It is not a simple task for normal folks not trained in identifying rugs to know the distinction between an authentic handmade Oriental rug and a machine-made rug. Handwoven and hand knotted rugs are also known as Oriental rugs and are mostly collectibles due to their quality. The quality of Oriental rugs hugely depends on the yarns’ quality, dyes used and knot count among other factors.
You will find rugs knotted by hand are made through a loom specially designed and knotted through the use of the hand. Hand knotted oriental rugs have been made for centuries through an ancient art that can only be admired. The loom’s size depends on the rug’s size with the weaving carried out moving from the bottom going up to the top. The weaver of the rug usually interweaves the “knots” into the rug’s groundwork, which are hand tied, something that makes the rug’s pile. It is a very time consuming and a tedious operation.
Changes in rug color
Wool pile and warp
Visual rug differences
While the machine-made rug has its edges machine overstitched and a fringe applied, the handmade Oriental rug’s fringe runs throughout the length of the rug which is called the warp. The machine-made rug has overstitch patterns running across its back and distinguishing individual knots appearing on the back are not easy to find. In fact, for the machine-made rug, the overstitch construction is generally what keeps the pile material held together. This means that the fringe is applied on a machine-made rug once it has been completed while the hand-woven Oriental rug has its fringe as a part of warp strings as they leave the handmade rug’s end.
You can turn towards the front part of the rug and peruse the designs intently. Essentially, the design should never be of the same shape and size from one opposite end to the other end of the potentially handmade Oriental rug. Also, the design patterns will not always be perfect either. This unevenness is something that is clear in most Oriental rugs that are much older and is a sign of authenticity and should not be mistaken for a poorly done rug. Machine-made rugs usually contain same pattern sizes all around and variations are not really visible. However, machine-made imitations do have uneven patterns but this is less common.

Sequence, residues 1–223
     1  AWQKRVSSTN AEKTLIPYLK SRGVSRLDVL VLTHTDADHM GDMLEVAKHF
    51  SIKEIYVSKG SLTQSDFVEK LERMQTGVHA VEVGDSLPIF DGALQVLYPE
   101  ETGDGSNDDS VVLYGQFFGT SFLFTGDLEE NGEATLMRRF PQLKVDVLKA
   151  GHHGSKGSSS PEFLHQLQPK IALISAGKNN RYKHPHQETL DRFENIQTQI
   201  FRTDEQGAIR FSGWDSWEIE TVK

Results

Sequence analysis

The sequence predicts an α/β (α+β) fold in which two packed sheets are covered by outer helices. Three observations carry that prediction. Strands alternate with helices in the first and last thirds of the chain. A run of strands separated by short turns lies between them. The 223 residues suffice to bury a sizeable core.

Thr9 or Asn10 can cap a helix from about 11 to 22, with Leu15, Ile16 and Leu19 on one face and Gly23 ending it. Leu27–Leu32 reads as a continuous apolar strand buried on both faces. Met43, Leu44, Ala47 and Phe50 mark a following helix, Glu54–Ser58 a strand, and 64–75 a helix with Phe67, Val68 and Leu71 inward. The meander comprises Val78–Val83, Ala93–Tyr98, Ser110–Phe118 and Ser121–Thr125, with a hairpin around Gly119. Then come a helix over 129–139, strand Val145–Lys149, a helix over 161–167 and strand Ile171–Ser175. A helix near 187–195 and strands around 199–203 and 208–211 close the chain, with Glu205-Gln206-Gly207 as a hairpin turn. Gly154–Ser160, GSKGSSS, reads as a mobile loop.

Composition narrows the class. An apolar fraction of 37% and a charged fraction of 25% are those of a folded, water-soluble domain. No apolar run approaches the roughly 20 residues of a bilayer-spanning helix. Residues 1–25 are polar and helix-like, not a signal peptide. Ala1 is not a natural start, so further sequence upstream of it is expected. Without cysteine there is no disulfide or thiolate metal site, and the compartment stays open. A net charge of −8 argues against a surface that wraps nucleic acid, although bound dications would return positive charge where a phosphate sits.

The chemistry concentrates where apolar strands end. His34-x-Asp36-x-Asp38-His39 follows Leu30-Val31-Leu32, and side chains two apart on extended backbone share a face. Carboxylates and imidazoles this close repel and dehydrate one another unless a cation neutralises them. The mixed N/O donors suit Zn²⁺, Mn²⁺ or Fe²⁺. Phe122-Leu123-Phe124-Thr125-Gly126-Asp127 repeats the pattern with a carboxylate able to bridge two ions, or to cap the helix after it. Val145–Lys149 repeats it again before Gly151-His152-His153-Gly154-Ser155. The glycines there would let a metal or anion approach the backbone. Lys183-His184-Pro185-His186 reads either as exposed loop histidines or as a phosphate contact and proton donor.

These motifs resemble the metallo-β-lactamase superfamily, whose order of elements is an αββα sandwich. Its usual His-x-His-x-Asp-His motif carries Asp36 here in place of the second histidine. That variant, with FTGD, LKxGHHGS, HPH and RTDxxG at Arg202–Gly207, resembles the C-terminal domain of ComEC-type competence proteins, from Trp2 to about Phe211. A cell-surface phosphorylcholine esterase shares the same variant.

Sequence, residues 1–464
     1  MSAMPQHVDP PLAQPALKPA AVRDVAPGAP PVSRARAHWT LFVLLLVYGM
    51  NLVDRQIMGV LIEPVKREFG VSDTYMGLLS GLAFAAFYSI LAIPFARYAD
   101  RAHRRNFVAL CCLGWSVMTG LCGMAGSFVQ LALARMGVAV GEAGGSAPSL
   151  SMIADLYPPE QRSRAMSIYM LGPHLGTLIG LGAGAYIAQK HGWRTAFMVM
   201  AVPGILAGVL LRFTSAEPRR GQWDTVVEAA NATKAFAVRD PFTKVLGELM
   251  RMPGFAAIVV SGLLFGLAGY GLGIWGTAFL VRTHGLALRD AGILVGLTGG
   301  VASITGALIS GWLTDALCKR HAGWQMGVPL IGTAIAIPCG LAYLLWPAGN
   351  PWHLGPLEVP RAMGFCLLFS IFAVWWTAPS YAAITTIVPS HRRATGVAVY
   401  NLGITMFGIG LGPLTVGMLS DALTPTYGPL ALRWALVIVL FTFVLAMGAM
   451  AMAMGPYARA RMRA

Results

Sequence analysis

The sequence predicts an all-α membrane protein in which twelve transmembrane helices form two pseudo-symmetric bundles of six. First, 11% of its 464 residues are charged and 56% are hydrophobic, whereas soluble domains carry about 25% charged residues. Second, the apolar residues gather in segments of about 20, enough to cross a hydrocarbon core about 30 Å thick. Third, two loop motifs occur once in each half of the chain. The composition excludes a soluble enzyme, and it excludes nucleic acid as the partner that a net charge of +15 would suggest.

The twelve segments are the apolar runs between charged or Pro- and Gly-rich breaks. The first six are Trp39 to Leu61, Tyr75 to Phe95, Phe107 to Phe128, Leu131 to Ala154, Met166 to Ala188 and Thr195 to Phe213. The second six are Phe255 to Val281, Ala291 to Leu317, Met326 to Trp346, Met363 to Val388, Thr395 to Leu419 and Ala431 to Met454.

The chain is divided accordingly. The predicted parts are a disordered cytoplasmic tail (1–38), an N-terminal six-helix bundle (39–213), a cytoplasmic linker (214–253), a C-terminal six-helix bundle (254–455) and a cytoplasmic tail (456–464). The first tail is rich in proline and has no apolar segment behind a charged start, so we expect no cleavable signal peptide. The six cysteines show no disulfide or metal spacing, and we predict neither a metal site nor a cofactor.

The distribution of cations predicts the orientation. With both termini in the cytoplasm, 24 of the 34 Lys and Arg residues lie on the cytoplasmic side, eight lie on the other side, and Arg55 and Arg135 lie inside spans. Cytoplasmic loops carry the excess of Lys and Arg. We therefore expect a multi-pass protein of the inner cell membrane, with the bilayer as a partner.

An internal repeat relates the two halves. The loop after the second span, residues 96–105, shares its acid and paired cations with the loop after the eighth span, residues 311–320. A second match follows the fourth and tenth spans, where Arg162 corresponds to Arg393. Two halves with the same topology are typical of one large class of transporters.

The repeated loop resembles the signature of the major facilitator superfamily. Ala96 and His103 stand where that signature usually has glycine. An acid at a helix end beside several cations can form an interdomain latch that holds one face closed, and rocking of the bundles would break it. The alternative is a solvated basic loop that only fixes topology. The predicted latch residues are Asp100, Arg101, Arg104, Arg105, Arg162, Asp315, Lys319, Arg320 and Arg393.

Countries of origin like Persia, India, China, Egypt, and Afghanistan, do offer handmade Oriental rugs at a fraction of the price at which they are offered in Canada and other parts of North America. So, it may be worth it to travel to those countries if you are interested in purchasing a quality handmade Oriental rug.
If you are having any trouble identifying an Oriental rug from a man-made one, you can always turn to a trustworthy expert for help. A professional rug cleaner like American Rug Laundry, will have extensive knowledge in this subject. We hope this article answered some of the questions you had about identifying authentic handmade Oriental rugs and helped you make better decisions with rug purchases.